This page is 1959–Revisited. Added 5/9/09
All photos © Robert Darlaston unless otherwise stated.
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1959 – Revisited!
A Nostalgic Selection of Colour Photographs from 1959
a Prologue comprising a few pictures from 1957 and 1958.
Historical note: Colour
photography was comparatively rare in the
My father’s 35 mm transparencies were not quite the first colour photos in the family. In both 1957 and 1958 my parents had bought a 12 exposure 120 roll colour negative film for use in my camera whilst on holiday. The results were frankly disappointing, but with some aid from the computer a few of those photos have been smartened up and appear below as a kind of prologue.
Holidays in 1957 and 1958
For our 1957 holiday we stayed in Charmouth, Dorset during June.
Here is a view of Charmouth in June 1957, looking down the main street (then the main coast road, as there was no by-pass).
The parked cars both seem to date from about 1947: an Austin A40 (facing down hill) and a Standard 8 facing the camera.
Lyme Regis (left) and gardens at Abbotsbury (right) in June 1957.
At Lyme, my parents are standing by a building which was later demolished following a land slip. At a restaurant along to the left of the photo I was about to enjoy my first taste of lobster!
On Wednesday, 12th
June 1957 we visited
In the left hand picture, taken at about 3 pm, the S.S. St
Patrick manoeuvres towards the quay at the end of a crossing from the Channel
Islands, having left Jersey at 8.15 and
The right hand photograph was taken a little earlier, at
12.15 pm as the 8.20 am boat train from London Paddington arrives at the quay
with passengers about to make the crossing to the islands. Air travel was then still quite undeveloped
and most visitors to the
Look at the splendid line-up of motor cars on the right, with another Austin A40 in the foreground. No foreign cars in those days: one bought British and did not trust Johnny Foreigner to build a reliable family motor!
Robert and his mother
The photograph shows the smart funnel colours of the Great Western Railway Company: the British Railways funnel colours were yellow and black.
In 1958 we moved further west for our
holiday and stayed in Brixham,
It is Sunday, 31st August 1958: my parents are seen by the harbour at Brixham.
It is evidently a warm day as my father has removed his jacket and draped it on the wall, but he retains his tie and long sleeves (it was a Sunday after all, and standards had to be maintained).
(Left): From Kingswear we
look across the River Dart to
(Right): Dartmouth Castle and the estuary of the River Dart
An evening view across
the River from
Stepping back over fifty years to the summer when I left school is an evocative and nostalgic experience. So many of the scenes pictured have now changed significantly and sadly, many – most, even – of the people portrayed are no longer with us.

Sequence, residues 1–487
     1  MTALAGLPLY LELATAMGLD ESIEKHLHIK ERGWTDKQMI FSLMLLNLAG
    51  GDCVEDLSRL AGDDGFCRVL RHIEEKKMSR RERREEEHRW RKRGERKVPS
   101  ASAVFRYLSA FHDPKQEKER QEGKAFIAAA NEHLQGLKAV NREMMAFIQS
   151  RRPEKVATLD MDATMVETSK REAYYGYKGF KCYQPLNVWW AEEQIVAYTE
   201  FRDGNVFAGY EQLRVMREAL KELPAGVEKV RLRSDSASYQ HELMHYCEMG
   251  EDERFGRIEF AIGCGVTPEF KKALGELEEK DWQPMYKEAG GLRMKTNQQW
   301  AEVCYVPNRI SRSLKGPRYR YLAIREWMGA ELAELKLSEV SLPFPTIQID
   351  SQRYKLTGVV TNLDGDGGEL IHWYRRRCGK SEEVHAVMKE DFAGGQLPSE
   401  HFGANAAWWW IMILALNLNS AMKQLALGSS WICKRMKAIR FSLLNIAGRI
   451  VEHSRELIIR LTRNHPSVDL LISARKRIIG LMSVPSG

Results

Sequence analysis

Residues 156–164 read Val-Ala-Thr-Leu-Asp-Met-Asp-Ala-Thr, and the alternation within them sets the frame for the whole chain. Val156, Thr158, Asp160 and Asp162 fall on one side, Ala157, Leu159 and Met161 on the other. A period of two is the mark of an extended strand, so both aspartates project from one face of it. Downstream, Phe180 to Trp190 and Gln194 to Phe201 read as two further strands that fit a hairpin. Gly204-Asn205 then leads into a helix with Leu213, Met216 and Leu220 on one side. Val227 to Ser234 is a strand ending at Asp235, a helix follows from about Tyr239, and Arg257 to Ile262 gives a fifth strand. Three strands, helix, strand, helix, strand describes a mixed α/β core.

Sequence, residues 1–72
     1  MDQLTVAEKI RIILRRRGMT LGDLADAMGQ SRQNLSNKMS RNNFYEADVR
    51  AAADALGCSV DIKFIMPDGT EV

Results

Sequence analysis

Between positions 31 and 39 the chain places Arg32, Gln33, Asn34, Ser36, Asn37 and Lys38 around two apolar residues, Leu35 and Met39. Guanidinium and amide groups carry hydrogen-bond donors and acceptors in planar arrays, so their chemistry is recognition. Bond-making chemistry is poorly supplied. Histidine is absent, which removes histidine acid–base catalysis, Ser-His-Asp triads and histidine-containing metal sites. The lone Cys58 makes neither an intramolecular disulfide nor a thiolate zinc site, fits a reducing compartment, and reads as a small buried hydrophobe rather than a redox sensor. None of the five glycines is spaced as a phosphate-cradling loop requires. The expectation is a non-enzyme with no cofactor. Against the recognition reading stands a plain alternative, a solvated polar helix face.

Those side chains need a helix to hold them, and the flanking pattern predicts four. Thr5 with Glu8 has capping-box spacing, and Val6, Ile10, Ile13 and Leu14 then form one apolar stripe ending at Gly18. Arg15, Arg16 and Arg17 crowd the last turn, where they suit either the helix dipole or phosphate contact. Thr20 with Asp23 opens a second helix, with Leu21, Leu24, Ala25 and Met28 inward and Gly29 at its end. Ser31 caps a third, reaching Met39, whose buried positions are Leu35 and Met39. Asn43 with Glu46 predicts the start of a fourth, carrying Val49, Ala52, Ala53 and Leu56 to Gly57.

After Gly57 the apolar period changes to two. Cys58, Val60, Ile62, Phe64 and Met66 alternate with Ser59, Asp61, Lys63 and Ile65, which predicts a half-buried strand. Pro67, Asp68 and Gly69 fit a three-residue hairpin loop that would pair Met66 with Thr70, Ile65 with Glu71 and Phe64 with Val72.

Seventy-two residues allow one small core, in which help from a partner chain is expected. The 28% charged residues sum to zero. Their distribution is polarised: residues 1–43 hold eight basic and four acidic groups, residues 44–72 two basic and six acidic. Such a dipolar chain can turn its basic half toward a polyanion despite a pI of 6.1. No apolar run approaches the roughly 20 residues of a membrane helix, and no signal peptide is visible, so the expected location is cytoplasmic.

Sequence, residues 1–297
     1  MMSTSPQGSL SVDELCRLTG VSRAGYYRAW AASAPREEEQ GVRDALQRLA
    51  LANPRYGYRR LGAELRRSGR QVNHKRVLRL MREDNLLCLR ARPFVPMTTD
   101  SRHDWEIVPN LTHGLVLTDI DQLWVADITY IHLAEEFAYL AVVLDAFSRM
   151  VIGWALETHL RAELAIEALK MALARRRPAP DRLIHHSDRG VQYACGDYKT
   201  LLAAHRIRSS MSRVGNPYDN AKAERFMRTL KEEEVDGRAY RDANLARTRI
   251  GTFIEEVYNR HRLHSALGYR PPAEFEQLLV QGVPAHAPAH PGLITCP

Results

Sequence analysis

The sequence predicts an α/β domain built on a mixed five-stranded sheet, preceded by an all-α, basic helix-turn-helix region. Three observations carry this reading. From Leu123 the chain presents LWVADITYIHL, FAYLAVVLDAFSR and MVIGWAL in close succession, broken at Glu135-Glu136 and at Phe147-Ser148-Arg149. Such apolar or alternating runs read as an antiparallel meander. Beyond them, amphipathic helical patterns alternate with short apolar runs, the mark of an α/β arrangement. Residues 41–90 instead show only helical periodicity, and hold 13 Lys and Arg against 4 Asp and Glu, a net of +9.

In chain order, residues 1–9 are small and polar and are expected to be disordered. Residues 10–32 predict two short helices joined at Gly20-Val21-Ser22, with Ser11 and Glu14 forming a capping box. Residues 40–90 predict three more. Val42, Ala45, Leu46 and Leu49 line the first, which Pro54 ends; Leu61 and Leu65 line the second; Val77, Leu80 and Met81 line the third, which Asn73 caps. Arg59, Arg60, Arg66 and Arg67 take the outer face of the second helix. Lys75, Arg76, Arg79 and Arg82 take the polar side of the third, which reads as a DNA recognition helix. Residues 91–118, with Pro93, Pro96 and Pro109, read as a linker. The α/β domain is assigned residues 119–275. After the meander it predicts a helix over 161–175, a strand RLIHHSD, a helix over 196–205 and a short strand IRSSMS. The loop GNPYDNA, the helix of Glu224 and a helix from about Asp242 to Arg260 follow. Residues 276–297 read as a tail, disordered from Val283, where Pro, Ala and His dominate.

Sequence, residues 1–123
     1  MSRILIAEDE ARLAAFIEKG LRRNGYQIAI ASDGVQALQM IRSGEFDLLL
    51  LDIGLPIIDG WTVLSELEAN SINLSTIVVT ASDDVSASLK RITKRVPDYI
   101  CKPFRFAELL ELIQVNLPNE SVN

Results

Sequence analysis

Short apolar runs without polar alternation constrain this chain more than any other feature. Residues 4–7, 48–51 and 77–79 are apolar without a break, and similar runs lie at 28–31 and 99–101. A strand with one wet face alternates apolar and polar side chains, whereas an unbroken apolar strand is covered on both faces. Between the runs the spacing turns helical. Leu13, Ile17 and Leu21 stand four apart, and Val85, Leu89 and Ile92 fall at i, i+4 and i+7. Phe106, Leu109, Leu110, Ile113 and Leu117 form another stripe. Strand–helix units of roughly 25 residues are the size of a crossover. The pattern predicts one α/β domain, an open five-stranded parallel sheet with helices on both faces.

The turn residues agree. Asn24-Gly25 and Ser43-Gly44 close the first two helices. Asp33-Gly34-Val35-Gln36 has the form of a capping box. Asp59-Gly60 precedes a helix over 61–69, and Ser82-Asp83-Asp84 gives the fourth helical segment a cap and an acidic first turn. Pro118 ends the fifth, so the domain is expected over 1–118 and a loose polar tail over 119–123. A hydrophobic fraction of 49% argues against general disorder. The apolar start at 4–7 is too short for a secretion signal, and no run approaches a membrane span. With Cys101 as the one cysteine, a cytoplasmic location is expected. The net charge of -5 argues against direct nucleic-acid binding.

My father bought his camera, a 35mm Zeiss
Contina, from Harrisons Opticians on the corner of Snow Hill,
I managed to get hold of the camera for a photo of my parents with the River Severn beyond, and
Dad later took one of Mom and me with Woolworths’ to the left and Barclays beyond! How smart Woolworths’ then looked, with traditional gold lettering on a red background.
Circular tour: Sunday, 21st June 1959:
Left: a break at Hanmer, where the eccentric Welsh poet, the Revd R.S. Thomas, was curate from 1940-1942.
English spot is, in fact, about four miles over the border into
Right: A brief pause west of Overton-on-Dee, with
After driving through
Llangollen and Bala, the Wolseley climbed up into the
where we stopped to
admire the view, looking down into the
A wonderful day out, in weather typical of the glorious summer of 1959.
Back at home the garden was my parents’ pride and joy:
From the front: marigolds, petunias, sweet peas, runner beans.
July 1959: End of Term – End of School
Saturday, 18th July 1959: a perfect English summer’s day in my final week before leaving school.
One of the last events of the school year was the cricket match on the school ground between the School XI and the Old Edwardians.
Parents were invited and the occasion was rounded off with a strawberry tea.
A further view of the school cricket ground in Edgbaston, looking towards the Pavilion, with the school flag flying bravely in the summer breeze, while Darlaston sports the school boater.
Family visits: Warwickshire and
Occasionally of a Sunday afternoon, we would visit my mother’s cousin, Rene, who lived in the hamlet of Broadwell, near Southam in Warwickshire, where for many years she had run the village shop. We called to see her and her husband, Will, later in the summer of 1959 – and the new camera went too! Rene’s granddaughter Margaret would also come to tea, and duly had her photo taken with me. Sadly, that delightful girl was to die suddenly only a few years later, leaving a husband and two small children.
Trips to the family in
Four or five times each year we would visit Glamorganshire
to stay with my maternal grandparents, always setting off on a Saturday. In pre-motorway days, our route from
“Blue, remembered hills”